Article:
Martin Skrtel has been a loyal asset to the Liverpool Football Club over the past eight and a half years, but the 2015-2016 season was subpar for the Slovakian. A mainstay in the center back under coach Brendan Rodgers, Skrtel was relegated to the bench for the second-half of the season behind Dejan Lovren, Mamadou Sakho and Kolo Toure. The change came after injuring his hamstring in Liverpool’s 3-0 defeat against Watford F.C. in December. Skrtel made 28 appearances (21 in the Premier League) but a vast majority of these were before his injury. At 31 years old, Skrtel’s lack of playing time under Liverpool manager Jürgen Klopp has led him to seek greener pastures while he still has some sell-on value.
Skrtel’s performances throughout the season were largely a mixed bag. He had a number of matches where is defending was abhorrent (like the defeats against Southampton and Manchester United), but he also had a few strong performances, including the Reds’ 4-1 victory against Manchester City. Between 23 appearances in the Premier League and the Europa League, Skrtel averaged 0.9 tackles, 1.7 interceptions, 5.9 clearances, and one foul per match. Skrtel’s tendency to rely on last ditch defending rather than a front footed proactive approach is inherently risky and does not mesh well with Klopp’s defensive tactics. Klopp prefers to play a high line where the defense is supposed to push up close to the halfway line, but Skrtel’s habit of constantly backing up when challenged by fast defenders rather than holding the line and being aggressive causes problems for the Reds defense. In addition, this form of defending is incredibly ineffective—exemplified by Anthony Martial’s goal against the Reds in October. Skrtel’s numbers are clear evidence of this strategy as he attempted 51 fewer challenges than Sakho in the same number of league appearances. Further, the Slovakian made an astounding 66 fewer recoveries of possession than his teammate. Skrtel was unwilling to change his defensive style to fit his new manager’s defensive strategy, a key reason behind his inability to regain his spot in the team. Skrtel’s inconsistency clearly did not make the cut under Klopp, and the German made it clear that Skrtel is not a part of his future plans at Anfield.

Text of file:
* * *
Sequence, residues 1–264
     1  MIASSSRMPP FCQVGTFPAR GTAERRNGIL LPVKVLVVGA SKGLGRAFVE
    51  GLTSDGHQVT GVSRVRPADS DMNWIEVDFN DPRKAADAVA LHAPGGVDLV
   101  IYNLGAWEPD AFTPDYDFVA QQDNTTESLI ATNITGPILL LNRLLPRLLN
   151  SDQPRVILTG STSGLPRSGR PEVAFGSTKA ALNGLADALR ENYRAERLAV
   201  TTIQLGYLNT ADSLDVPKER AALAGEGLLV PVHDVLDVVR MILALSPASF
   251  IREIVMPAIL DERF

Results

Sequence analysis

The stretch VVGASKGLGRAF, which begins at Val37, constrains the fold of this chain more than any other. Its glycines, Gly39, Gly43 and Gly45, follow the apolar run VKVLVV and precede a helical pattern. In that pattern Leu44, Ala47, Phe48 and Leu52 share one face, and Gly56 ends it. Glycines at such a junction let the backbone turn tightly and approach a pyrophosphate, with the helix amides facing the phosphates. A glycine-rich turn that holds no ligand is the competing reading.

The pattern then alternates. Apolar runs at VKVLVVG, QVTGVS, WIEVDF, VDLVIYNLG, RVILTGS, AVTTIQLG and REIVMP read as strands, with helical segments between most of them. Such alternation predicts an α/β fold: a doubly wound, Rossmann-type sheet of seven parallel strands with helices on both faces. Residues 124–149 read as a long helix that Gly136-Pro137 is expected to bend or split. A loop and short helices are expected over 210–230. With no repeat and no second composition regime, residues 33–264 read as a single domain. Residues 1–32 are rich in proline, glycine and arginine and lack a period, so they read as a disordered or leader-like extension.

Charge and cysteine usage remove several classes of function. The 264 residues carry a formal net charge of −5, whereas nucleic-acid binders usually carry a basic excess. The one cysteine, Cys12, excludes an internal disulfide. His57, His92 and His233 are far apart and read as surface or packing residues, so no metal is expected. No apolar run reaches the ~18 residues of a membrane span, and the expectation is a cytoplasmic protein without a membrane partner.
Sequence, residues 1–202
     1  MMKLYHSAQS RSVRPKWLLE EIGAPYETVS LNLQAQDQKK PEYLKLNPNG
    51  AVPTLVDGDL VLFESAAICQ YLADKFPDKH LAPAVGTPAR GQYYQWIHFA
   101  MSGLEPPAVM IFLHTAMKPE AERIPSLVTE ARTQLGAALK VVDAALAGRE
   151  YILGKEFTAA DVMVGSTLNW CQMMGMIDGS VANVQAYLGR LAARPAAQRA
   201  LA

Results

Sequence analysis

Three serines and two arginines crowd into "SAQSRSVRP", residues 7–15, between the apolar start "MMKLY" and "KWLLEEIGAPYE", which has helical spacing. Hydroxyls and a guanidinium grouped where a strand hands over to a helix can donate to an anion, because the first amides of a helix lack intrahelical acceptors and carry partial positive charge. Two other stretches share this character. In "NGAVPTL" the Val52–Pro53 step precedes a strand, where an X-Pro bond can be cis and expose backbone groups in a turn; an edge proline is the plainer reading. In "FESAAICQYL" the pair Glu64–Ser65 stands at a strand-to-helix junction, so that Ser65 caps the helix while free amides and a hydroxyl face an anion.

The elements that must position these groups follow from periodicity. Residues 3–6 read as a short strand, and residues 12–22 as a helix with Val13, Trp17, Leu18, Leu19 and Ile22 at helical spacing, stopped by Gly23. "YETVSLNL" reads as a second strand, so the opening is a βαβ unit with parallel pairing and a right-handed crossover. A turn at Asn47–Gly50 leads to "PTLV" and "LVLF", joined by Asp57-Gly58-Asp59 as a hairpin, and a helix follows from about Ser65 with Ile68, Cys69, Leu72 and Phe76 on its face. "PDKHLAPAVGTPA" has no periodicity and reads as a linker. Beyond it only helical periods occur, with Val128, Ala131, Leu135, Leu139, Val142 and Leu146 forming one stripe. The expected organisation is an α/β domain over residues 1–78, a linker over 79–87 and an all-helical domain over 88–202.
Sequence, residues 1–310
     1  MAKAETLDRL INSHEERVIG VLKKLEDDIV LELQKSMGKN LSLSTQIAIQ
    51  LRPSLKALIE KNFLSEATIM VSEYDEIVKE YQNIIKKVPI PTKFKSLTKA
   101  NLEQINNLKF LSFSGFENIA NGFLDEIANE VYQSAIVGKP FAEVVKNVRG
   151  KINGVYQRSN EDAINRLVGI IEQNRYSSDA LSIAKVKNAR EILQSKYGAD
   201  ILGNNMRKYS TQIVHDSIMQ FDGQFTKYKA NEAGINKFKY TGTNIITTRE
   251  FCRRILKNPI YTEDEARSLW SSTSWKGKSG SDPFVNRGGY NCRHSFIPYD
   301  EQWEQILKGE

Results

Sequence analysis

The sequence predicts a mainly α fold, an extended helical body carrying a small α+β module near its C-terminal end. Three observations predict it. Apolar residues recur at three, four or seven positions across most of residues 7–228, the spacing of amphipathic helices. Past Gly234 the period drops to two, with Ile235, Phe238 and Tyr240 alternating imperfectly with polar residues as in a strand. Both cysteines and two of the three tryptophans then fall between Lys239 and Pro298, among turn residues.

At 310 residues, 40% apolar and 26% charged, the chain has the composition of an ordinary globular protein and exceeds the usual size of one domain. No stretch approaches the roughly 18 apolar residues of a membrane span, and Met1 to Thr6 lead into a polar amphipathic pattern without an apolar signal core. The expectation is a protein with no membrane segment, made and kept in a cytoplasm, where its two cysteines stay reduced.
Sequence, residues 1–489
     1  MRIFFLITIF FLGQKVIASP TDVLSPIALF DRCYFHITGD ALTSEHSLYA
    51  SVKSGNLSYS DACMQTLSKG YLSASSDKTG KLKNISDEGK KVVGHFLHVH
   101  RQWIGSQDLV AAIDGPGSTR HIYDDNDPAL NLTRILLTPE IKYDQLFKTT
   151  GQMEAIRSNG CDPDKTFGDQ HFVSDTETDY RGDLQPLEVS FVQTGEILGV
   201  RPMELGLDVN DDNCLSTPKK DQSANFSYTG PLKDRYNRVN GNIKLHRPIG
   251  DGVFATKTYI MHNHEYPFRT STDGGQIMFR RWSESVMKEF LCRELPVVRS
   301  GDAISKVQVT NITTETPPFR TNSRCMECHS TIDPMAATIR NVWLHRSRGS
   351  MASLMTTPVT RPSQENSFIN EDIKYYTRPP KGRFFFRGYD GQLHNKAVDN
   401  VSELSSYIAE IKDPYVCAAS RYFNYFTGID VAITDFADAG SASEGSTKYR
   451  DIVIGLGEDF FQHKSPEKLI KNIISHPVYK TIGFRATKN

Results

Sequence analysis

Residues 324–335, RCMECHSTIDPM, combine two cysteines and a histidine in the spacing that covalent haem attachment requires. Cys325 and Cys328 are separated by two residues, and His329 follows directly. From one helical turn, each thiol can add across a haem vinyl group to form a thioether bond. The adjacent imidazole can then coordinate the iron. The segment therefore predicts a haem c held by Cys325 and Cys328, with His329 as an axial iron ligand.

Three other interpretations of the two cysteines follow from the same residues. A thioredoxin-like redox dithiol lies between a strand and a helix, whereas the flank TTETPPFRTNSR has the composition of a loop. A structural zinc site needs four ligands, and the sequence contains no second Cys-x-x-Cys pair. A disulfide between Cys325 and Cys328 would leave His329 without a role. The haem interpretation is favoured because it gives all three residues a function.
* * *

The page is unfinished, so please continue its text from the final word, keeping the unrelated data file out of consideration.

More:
Skrtel’s eight years at Liverpool have been much appreciated by fans, but it is clear that his time at the club should be coming to an end. Klopp is well aware that Skrtel no longer has the ability to be a top-notch defender at a club with aspirations of winning the league and being a force in Europe. After signing a new three-year contract extension last season, Skrtel is now under contract through the 2018 season. Even though he is on a pricey £75,000 per week wage, the Slovakian still has some value on the transfer market. Turkish champions Besiktas have been mooted as one potential destination and Liverpool may be able to recoup upwards of £6m in a potential transfer. Skrtel has been a loyal servant to the Reds, but I am sure fans will not be too unhappy at the prospect of not having to see Skrtel virtually ripping the jersey off his marker on corners. Skrtel’s decline has been clear for all to see and with the rise of Lovren, Sakho and Joe Gomez along with the arrival of Joel Matip, it is difficult to argue that Skrtel would be any higher than Klopp’s fifth choice at the start of next season. Clearing the Slovakian’s costly wages off the budget would provide more money for contract extensions and transfers while clearing a spot for a younger player to force his way onto the first team. In addition, Skrtel would have the ability to finish off his career playing every week rather than having to sit on the bench. A summer transfer likely to take place because it would benefit both parties.